Meanwhile, 6-foot-2-inch, 317-pound true freshman nose guard Travis Tuiloma has already raised a few eyebrows, especially when it comes to his performance in the weight room.
"Travis Tuiloma is probably one of the strongest guys on the team and he's only a true freshman," said an impressed So'oto. "During the one-on-ones he just blows by guys. He's just really strong overall and is like a rhino. He runs straight and hits guys, and everything in front of him just falls by the wayside. He's going to be really good. The only thing with him is he just needs to get conditioned and accustomed to the BYU defense where we just run, run and run all the time. Some of these new guys like Travis and Tayo [Fabuluje] just have to get used to our style of defense."
True freshman Tayo Fabuluje comes in at 317 pounds, only one pound heavier than Tuiloma. However, he stands in at 6 feet 7 inches, five inches taller than Tuiloma. Fabuluje's stature makes him an imposing sight on the Cougar defensive line.
"I call him 'Big Mike' because he looks like Michael Oher from the [Baltimore] Ravens," So'oto said. "He's another player that is strong and just pushes people around. He's going to be really good. He played in a 4-3 defense in high school, so right now he's just getting used to the two gap and getting used to getting off the ball going up against guys like Matt Reynolds. He's also learning how to run.
"That's one thing these kids just out of high school have to understand is BYU's defense is just successful from the talent. We're successful because of our effort and running and running and running. Pursuits and drills like that, man, I felt sorry for them because their group had to do it over and over again. They had to do it over like four or five times that first day. Tayo is starting to get used to it and is starting to shed some weight and is getting used to running."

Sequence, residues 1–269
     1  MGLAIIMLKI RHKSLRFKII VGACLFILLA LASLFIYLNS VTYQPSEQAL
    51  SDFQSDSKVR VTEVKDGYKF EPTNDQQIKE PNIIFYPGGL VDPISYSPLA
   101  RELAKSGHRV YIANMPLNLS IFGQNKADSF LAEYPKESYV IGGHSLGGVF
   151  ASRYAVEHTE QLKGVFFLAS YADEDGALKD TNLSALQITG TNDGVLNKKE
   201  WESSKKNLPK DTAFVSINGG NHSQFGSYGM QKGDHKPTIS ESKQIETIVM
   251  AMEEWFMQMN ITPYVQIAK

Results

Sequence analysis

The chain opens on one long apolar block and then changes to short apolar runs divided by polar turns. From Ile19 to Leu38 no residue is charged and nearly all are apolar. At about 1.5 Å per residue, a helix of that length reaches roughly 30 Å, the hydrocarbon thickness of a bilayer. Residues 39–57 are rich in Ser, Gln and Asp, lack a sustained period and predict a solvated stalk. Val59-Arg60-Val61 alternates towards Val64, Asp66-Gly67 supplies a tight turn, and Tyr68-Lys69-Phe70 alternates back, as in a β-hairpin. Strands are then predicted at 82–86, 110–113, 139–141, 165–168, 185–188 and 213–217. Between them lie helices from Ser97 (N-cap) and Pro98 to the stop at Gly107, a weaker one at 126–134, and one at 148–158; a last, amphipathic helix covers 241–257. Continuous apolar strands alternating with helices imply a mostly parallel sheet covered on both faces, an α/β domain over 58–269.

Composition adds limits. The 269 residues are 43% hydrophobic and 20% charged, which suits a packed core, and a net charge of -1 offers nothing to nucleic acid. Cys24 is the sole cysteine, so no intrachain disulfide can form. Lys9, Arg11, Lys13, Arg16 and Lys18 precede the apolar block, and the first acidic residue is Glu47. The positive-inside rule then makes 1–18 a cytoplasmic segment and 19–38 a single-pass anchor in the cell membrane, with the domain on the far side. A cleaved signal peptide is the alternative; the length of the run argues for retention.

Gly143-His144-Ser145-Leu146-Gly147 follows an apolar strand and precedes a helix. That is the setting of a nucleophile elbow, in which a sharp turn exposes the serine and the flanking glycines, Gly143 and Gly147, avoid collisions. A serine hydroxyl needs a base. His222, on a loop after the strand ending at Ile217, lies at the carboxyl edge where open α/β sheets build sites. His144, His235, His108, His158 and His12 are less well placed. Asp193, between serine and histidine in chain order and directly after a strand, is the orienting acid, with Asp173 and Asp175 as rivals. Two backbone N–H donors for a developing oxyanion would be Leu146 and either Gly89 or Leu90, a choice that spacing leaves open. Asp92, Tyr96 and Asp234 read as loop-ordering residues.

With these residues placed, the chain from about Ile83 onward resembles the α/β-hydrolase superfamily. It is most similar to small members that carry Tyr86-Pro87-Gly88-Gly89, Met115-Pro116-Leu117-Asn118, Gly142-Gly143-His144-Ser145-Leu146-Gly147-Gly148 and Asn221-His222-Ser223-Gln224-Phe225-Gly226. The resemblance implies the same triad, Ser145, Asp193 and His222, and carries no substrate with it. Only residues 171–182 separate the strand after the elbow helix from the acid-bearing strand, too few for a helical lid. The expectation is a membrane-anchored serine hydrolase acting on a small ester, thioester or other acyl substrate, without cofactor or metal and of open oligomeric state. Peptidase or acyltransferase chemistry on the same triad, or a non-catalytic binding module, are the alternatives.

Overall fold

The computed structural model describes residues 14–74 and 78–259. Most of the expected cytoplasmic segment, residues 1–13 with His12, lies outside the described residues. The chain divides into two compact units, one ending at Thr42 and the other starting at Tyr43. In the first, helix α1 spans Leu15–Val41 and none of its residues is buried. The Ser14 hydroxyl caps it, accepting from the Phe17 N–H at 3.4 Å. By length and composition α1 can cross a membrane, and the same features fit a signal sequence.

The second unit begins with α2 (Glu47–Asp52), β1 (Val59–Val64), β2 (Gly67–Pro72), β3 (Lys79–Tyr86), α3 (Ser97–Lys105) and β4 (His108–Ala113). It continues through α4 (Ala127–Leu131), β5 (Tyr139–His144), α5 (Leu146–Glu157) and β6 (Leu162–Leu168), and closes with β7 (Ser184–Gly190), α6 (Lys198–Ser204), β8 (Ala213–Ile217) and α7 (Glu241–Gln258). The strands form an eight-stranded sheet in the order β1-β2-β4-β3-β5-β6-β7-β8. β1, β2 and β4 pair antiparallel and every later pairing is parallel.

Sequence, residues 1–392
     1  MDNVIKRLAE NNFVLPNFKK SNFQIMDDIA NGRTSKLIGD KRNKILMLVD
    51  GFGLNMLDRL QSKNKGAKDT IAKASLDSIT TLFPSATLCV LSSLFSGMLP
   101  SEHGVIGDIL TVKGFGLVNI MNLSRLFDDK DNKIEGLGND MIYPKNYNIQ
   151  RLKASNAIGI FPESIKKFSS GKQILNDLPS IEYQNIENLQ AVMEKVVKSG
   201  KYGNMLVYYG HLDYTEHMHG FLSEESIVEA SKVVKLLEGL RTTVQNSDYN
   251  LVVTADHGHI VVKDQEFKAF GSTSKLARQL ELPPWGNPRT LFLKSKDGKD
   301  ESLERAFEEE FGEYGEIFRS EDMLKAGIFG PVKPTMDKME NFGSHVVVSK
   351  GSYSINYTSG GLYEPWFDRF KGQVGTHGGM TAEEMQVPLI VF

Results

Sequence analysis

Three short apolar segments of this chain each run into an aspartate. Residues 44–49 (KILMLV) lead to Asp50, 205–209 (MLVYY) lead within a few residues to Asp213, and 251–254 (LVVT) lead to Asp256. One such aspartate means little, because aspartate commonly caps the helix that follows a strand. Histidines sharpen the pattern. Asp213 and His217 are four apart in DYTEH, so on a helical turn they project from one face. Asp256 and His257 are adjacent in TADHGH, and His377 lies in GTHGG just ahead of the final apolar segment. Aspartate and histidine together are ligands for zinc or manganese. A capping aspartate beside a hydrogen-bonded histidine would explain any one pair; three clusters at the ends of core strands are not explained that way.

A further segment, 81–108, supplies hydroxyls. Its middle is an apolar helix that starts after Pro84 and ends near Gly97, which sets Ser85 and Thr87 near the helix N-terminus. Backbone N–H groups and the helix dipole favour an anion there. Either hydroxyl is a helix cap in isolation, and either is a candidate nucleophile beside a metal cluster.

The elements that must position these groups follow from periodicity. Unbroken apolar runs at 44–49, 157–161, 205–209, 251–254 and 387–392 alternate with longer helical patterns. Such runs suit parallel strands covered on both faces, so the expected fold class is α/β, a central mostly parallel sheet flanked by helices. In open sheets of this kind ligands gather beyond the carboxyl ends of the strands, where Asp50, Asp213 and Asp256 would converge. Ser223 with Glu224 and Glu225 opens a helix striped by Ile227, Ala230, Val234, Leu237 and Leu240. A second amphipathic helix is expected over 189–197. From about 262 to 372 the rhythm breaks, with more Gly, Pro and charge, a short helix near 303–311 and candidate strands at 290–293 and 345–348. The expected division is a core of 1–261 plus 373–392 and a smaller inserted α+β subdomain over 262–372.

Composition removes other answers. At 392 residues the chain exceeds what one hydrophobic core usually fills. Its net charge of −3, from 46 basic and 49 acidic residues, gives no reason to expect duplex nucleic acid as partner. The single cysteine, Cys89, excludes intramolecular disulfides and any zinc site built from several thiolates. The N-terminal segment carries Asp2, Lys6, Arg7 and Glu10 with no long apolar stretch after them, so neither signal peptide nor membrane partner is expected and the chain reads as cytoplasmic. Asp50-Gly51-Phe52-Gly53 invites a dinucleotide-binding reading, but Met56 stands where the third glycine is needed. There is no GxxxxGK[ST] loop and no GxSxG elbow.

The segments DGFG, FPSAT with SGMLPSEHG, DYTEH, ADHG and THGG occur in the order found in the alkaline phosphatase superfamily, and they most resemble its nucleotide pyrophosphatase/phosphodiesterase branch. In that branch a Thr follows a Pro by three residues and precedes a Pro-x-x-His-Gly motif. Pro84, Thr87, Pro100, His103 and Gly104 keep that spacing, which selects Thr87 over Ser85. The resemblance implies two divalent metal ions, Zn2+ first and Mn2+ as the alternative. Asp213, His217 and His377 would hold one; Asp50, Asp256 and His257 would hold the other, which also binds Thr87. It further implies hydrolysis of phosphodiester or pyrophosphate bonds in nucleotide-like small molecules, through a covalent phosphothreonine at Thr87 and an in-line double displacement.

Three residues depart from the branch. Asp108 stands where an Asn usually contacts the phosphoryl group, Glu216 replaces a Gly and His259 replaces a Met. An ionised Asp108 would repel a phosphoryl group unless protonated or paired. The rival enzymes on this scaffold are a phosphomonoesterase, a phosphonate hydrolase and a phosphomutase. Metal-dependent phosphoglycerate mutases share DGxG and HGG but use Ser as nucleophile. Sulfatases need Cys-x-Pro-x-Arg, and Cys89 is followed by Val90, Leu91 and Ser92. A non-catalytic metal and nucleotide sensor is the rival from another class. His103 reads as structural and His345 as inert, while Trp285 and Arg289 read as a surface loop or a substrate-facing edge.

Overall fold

Joining Tuiloma and Fabuluje as a true freshman player is 6-foot-4-inch, 261-pound Graham Rowley from the state of Hawaii. In observing Rowley, one thing is evident: he knows how to run.
"He just goes and goes and never quits and that's a good thing," said So'oto. "Obviously, all of these new guys are still learning, but Graham is doing really well. I know it's tough for him too though because he came from sea level to the mountains, but he moves well and has a motor that just goes. He's really feisty."
Rowley is more of a tenacious and mobile defensive end rather than a bruiser like Tuiloma and Fabuluje, and sophomore nose guard Jordan Richardson meanwhile would fall into the scrappy-yet-extremely-flexible category. In fact, when it comes to ability, the 6-foot-3-inch, 271-pound Richardson just might be in a class all his own.
"Well, he's from Idaho and he wrestles because that's what they do up there," said So'oto with a chuckle and a sheepish grin. "Because he wrestles he's really flexible and so it's hard for him to not go right into the splits. When an offensive lineman pushes him he goes right into the splits. I mean, full on right into the splits. It's pretty interesting at times to see someone his size do that. We try to tell him to use his lower body because he's really strong. I'm mean, he's really strong. So now it's just training that mindset to stand in and take the weight of the offensive linemen."
While defensive linemen with an ability to do the splits might not necessarily be something that Cougar coaches are looking for when it comes to stopping the run, there is one physical trait the Cougar coaches seem to be trending towards.
"If you look at any NFL defense that runs a 3-4-4 defense, the three defensive linemen are nose guards basically," So'oto said. "The d-linemen are basically for stopping the run and we're basically block-eaters so the linebackers can fly around and make tackles. I think that's kind of where the philosophy is starting to move towards. We want bigger guys that can stop the run but when asked can rush up the field, but we first want to stop the run up front. That's one of our defensive pillars. We want to hold teams to under a hundred yards rushing, so we have to find guys that can come in and do it. The guys that we've got in now from high school are guys that can initially stop the run right now."